Environmental scan to describe the current care received by seriously ill, frail elderly patients nearing end of life in Canada
This environmental scan describes the current care received by older Canadians living with frailty. It covers four themes: (1) healthcare services and models of care, (2) healthcare outcomes and interventions to improve them, (3) healthcare outcomes across patient cohorts, and (4) healthcare resource utilization. These themes were covered in three activities: a scoping literature review, analyses of administrative data and interviews with key stakeholders.
About the Project
In the review, we searched academic and grey literature and included reports of any type and scientific studies of any design published between 2009 and 2015. We included reports with a main focus on older Canadians living with frailty (65+). The findings were synthesized and articulated through the four themes.
In the administrative data analyses, we initially listed the quality of care measures already available in databases in Nova Scotia, prioritized these indicators through a Delphi survey of the research team members, and extracted the prioritized indicators from linked administrative databases in five provinces (Nova Scotia, Quebec, Ontario, Alberta, and British Columbia). We then conducted logistical regressions to determine the association between these indicators and four covariates, namely sex, age, community size and income.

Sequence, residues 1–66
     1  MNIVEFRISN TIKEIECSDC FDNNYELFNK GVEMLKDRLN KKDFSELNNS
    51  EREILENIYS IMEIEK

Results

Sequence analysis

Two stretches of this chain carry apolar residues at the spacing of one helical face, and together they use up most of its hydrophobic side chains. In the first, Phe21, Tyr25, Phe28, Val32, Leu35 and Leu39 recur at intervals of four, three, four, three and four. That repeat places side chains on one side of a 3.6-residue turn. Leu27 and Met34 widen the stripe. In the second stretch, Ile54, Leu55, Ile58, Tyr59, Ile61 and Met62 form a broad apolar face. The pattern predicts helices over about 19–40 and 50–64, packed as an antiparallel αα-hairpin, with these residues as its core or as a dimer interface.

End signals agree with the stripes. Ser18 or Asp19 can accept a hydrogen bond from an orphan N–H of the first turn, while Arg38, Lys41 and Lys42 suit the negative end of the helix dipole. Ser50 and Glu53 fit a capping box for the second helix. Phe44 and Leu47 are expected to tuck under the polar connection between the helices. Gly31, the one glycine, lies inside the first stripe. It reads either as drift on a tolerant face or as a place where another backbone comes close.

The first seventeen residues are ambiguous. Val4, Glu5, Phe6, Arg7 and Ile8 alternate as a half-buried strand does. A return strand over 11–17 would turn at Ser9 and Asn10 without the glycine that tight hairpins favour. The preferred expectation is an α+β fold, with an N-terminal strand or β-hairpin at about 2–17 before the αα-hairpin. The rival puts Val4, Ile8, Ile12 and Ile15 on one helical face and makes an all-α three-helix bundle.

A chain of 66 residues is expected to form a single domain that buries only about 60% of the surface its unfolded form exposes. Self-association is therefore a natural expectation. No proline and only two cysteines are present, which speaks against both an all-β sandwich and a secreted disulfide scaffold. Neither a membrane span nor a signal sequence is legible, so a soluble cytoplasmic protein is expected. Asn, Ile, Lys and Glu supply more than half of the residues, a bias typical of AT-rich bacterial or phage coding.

Lastly, we interviewed a purposeful sample of 42 patients, caregivers, healthcare providers, or decision makers from the five provinces (Nova Scotia, Quebec, Ontario, Alberta, and British Columbia). Purposes of the interviews were (1) to explore their perceptions of the quality of care of older adults living with frailty and health care resource use, and (2) to prioritize quality of care indicators for older adults living with frailty.
Anik Giguère, PhD, Université Laval
Robin Urquhart, Dalhousie University
Sharon Straus, St. Michael’s Hospital
CFN Webinar (June 1, 2016): Describing care received by frail elderly patients nearing EOL in Canada